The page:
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As Mark Shuttleworth preps a new "Karmic Koala" Ubuntu distro suited to life with its head in the Amazon clouds, Thorsten von Eicken has lent a helping hand.

Von Eicken is the CTO and co-founder of RightScale, a Santa Barbara, California outfit offering what it calls "a fully automated cloud-management platform." In other words, it helps you deploy and run your server apps on Amazon Web Services (AWS) and other so-called infrastructure clouds from companies such as Flexiscale and GoGrid.

In theory, these clouds give you instant access to a virtually infinite array of compute power, letting you grab more cycles, more storage, and more bandwidth whenever you like. But it's not as easy as it sounds, and RightScale strives to grease the wheels.

"We're out there to provide a way of leveraging those infrastructure-in-the-cloud offerings coming from Amazon and now others, so that we offer a degree of portability and interoperability and an entire cloud-aware platform that lets companies have full visibility into what they're running," RightScale CEO Michael Crandell tells us.

The company offers pre-built "templates" for common server applications - a Ruby on Rails website, say, or a video-encoding engine - and these are specifically designed for cloud-sitting. The idea is that you use these templates to build applications on your own server, and then hoist them onto Amazon, Flexiscale, or GoGrid. And if all goes according to plan, these templates should move easily between clouds - from Amazon to Flexiscale, say, and back again.

Originally, these templates were built for CentOS - otherwise known as Red Hat Enterprise. But as of last week, the company is also offering templates for Ubuntu - and support resources too.

"When we started, CentOS was the most established Linux-standard operating system. But all along we've seen more and more users trying to use RightScale with Ubuntu, and though we're done out best not to turn them away, we've had limited resources," says von Eicken, who worked alongside Amazon Web Services father figure Werner Vogels while doing distributed-systems research at Cornell University in the mid-1990s. "Now, we're dedicating resources to make it seamless to get your apps to the cloud when you're using Ubuntu."

This Ubuntu demand, he says, is coming mostly from startups and Web 2.0-type companies as opposed to enterprises. At the moment, the new Ubuntu templates run only on Amazon Web Services, but RightScale will likely tweak for other clouds as time goes on.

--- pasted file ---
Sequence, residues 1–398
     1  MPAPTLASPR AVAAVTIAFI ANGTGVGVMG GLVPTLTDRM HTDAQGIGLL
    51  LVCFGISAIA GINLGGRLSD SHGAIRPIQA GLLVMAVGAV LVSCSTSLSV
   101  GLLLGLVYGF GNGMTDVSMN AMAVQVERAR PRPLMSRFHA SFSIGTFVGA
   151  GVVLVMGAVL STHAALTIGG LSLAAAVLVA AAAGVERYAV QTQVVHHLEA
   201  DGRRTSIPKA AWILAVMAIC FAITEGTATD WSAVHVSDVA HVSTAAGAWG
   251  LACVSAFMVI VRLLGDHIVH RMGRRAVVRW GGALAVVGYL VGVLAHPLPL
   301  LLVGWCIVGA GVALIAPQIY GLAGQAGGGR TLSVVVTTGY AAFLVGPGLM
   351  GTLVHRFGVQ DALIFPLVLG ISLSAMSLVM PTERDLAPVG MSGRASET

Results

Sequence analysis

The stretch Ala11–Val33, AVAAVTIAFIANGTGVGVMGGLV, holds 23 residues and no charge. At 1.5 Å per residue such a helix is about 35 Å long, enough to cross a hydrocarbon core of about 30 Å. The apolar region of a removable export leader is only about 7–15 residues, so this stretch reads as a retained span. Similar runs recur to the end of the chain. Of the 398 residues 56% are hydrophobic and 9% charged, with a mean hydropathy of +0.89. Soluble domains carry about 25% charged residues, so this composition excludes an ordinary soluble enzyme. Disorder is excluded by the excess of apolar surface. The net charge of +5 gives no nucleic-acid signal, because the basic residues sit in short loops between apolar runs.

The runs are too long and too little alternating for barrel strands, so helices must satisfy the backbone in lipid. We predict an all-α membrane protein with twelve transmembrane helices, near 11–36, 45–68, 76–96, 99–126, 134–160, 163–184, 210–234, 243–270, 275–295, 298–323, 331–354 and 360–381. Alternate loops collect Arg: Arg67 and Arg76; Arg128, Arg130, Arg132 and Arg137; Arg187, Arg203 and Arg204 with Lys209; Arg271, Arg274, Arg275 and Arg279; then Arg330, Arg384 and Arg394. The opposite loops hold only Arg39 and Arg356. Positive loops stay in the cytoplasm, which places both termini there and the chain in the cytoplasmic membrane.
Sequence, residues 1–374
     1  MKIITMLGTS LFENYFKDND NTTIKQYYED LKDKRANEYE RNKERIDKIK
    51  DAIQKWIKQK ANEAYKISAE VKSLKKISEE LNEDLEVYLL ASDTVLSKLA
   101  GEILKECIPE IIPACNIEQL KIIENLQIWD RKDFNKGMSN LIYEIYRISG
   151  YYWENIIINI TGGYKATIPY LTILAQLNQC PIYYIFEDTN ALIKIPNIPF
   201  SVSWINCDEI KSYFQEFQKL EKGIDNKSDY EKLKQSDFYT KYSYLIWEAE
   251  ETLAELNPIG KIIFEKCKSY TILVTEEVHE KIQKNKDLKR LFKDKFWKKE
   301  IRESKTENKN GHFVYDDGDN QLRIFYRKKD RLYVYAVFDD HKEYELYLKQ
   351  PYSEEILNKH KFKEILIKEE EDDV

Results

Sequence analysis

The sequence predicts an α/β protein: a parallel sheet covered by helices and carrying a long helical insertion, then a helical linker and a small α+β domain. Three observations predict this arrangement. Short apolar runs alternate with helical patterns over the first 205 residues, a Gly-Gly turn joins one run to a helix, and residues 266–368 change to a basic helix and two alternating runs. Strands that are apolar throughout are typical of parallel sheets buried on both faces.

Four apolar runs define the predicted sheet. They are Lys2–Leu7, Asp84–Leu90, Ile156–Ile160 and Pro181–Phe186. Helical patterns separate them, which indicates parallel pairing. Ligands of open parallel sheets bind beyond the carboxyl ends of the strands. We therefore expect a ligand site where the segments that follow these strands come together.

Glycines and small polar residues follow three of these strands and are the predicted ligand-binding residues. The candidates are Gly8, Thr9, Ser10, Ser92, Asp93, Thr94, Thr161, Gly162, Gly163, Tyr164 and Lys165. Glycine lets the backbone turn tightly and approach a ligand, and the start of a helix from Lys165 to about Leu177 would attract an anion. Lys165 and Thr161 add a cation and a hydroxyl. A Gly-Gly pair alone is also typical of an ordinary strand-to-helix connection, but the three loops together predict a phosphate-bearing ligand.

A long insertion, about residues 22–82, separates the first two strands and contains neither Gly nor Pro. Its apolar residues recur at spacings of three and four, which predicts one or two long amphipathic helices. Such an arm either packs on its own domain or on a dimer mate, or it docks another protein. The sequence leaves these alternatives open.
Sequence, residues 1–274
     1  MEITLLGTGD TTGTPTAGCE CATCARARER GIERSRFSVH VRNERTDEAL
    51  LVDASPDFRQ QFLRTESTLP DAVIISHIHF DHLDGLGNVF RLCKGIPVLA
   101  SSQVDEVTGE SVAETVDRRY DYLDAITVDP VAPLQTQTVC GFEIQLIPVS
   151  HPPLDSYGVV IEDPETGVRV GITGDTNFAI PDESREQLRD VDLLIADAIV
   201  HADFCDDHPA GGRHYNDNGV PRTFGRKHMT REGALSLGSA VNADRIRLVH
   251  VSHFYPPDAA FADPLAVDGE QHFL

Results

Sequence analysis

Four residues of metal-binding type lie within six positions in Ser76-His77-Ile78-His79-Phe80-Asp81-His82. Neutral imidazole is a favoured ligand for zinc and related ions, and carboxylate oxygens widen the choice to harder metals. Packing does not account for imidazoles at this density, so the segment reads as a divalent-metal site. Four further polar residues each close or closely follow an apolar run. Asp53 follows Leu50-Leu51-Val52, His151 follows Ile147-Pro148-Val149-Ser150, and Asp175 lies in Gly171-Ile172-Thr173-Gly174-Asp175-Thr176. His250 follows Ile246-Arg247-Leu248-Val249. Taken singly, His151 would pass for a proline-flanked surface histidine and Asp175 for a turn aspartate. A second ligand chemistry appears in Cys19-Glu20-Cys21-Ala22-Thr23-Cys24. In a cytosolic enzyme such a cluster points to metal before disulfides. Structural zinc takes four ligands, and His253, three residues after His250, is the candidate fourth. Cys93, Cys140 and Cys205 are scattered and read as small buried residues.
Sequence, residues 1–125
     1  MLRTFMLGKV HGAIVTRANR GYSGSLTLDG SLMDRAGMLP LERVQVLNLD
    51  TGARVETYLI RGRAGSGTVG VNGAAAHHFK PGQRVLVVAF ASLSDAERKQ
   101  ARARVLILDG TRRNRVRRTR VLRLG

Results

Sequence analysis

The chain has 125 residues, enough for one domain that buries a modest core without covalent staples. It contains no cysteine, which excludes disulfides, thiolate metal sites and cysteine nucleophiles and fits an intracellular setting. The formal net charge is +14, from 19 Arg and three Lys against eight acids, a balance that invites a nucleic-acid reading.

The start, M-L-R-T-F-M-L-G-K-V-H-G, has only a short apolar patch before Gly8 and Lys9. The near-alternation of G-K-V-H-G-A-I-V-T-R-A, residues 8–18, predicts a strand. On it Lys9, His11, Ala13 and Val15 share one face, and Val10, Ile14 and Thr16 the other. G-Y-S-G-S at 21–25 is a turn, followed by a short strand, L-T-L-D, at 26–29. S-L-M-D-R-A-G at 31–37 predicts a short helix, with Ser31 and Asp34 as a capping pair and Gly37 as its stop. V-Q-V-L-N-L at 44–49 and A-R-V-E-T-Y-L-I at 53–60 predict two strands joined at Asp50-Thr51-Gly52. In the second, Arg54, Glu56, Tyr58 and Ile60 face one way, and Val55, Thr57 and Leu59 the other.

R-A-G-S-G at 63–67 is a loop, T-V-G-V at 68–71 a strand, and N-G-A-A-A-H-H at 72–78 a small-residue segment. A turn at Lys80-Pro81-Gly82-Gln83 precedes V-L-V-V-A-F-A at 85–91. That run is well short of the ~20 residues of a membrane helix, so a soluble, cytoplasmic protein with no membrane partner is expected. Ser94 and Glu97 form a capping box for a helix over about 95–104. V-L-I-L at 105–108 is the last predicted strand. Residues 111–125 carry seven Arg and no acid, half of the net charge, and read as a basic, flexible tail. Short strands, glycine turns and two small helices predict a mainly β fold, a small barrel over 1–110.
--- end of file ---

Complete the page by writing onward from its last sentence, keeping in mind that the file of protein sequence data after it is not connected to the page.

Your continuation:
Meanwhile, Mark Shuttleworth and his Ubuntu minions are tweaking the open-source OS to include standard Amazon Machine Images (AMIs) that can be lobbed onto Amazon's Elastic Compute Cloud (EC2). "Ubuntu aims to keep free software at the forefront of cloud computing by embracing the APIs of Amazon EC2 and making it easy for anybody to set up their own cloud using entirely open tools," the spaceman said in a recent blog post.

"We're currently in beta with official Ubuntu base AMIs for use on Amazon EC2. During the Karmic cycle we want to make it easy to deploy applications into the cloud, with ready-to-run appliances or by quickly assembling a custom image."

Ubuntu 9.10 - dubbed Karmic Koala because "a good Koala knows how to see the wood for the trees, even when her head is in the clouds" - will also embrace Eucalyptus, a set of open-source tools that allow organizations to build their own Amazon-like clouds.

RightScale has already tapped into Eucalyptus, and after Shuttleworth's announcement von Eicken and company couldn't help but join the Ubuntu fun. "Canonical stepping forward with its cloud support is extremely important to us," he tells us. "The last thing we want is to build all these software stacks then find out that there's some sort of kernel issue we can't fix."

Some have argued that Shuttleworth is somehow betraying his open-source mission by hooking his baby to a "closed" Amazon cloud. You see, Amazon has yet to publish its Web Services API, and in a rather passive way it has worked to keep users from moving their apps from one cloud to another. But von Eicken sees no reason why this should be a threat to open source.

"I, of course, hope that Canonical will indeed monetize their cloud efforts by offering paid support services in the cloud environment," he writes in recent blog post.

"I want them to stay around to continue supporting the Ubuntu project! But I see a cloud support offering as being no different than offering paid support services in the data center environment, which they do today. Does anyone complain that Canonical offers support on Dell servers because the servers are not free? What’s different in the cloud? We pay Amazon to “lease” the servers and they run them to boot. How different is that with respect to Ubuntu or Canonical? Go figure." ®

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